In both causes of action, the primary remedy is damages so as to compensate the harm or injury. Alternatively, injunctive relief is another remedy which is available although much less common in defamation proceedings. Injunctions are usually granted where there is a risk or threat of republication.


Under s 10AA of the Limitations of Actions Act 1974 (Qld) (“LOAA”) a person is required to commence defamation action within 12 months from the date of the publication. In that regard, it should be noted that this limitation cannot be extended merely by issuing a Concerns Notice under s 14(2) of the Defamation Act 2005 (Qld)

Where the defamatory statements are made outside the limitation period, s 32A of the LOAA provides that a person may apply to the Court for an order to extend the limitation period. For that purpose, it will be necessary for the person to prove that it was not reasonable for the plaintiff to have commenced action within the 12-month limitation period from the date of publication.

Unlike defamation, an in injurious falsehood claim must be commenced within six (6) years of the publication of the defamatory material as set out by s 10(1)(a) of the LOAA.


Notwithstanding defamation as a civil cause of action, a Queensland Legal Practitioner should always take note of s 365 and 228 of the Criminal Code Act 1899 (Qld) (“CCA”). This is especially important in a lot of cases of defamation although commonly overlooked by legal practitioners. For that reason, it is not a surprise that less people are being prosecuted under s 228 and 365 of the CCA every year.

Section 365 of the CCA sets out that it is an offence when a person, without lawful excuse, publishes matter defamatory of another living person, knowing the matter to be false and intending it to cause serious harm to the person. Any person who engages in such conduct faces a maximum penalty of 3 years imprisonment.

Section 228 of the CCA sets out that any person who knowingly, and without lawful justification or excuse distributes obscene printed or written matter is guilty of a misdemeanour offence and is liable for up to 2 years imprisonment.

Each of the above offences are crimes of misdemeanour, chargeable by indictment and attracting potential prison terms. They also require the Queensland Police Service (“QPS”) to investigate the alleged offence.


Under the Australian Consumer Law, businesses or individuals can consider taking court proceedings in an effort to obtain injunctive relief, an apology and correction of defamatory material. They can also seek damages.

Under s 18, sch 2 of the Competition and Consumer Act 2010 (“C&CA”) businesses or individuals cannot engage in conduct that is characterised as misleading or deceptive. Further, under s 29 of the C&CA, businesses or individuals are prohibited from making false or misleading representations about goods or services in the course of trade or commerce.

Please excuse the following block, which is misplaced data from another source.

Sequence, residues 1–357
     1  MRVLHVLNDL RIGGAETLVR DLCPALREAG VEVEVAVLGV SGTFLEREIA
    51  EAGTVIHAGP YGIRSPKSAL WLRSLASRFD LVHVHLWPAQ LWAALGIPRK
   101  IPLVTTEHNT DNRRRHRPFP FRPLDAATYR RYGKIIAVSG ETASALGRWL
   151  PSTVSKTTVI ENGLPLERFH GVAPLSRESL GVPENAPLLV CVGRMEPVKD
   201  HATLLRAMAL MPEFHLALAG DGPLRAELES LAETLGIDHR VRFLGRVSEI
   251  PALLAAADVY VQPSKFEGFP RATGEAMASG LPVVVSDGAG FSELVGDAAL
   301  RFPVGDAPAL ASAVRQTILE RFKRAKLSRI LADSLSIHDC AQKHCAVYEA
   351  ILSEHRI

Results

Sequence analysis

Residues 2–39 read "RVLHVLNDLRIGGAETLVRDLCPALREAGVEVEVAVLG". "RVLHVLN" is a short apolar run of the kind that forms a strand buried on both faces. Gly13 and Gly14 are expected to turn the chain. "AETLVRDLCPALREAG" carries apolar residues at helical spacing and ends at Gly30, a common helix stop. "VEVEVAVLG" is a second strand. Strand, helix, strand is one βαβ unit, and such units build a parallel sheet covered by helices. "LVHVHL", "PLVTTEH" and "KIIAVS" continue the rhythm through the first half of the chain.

Businesses or persons that are involved in the above conduct are at risk of legal action against them by other entities, including the Australian Competition and Consumer Commission (“ACCC”) and Office of Fair Trading (“OFT”).

It should be noted that an action based on misleading or deceptive conduct must be brought within 6 years of the accrual of the cause of action pursuant to ss 236(2) and 237(3) of the C&CA.


Injurious falsehood is distinguishable to defamation. An Australian Legal Practitioner subsequently should explore the available options for the client although should be cautious in advising a client on which cause of action is most appropriate in all the circumstances of the case. Exploration of other common causes of action including misleading and deceptive conduct is also a good point of reference as it enables a client to commence action through independent statutory bodies including the ACCC and OFT therefore potentially reducing legal costs.

If you feel that you or your company has been defamed, you should reach out to an Australian Legal Practitioner that specialises in civil litigation.

Disclaimer: This publication is not intended to be comprehensive, nor does it constitute legal advice. We are unable to ensure the information is current and there is no guarantee in relation to accuracy. You should seek legal or other professional advice before acting or relying on any of the content of this publication. The views and/or opinions expressed in this publication is that of the author and may not necessarily represent the views and/or opinions of RHC Solicitors.

Scott A. Green ©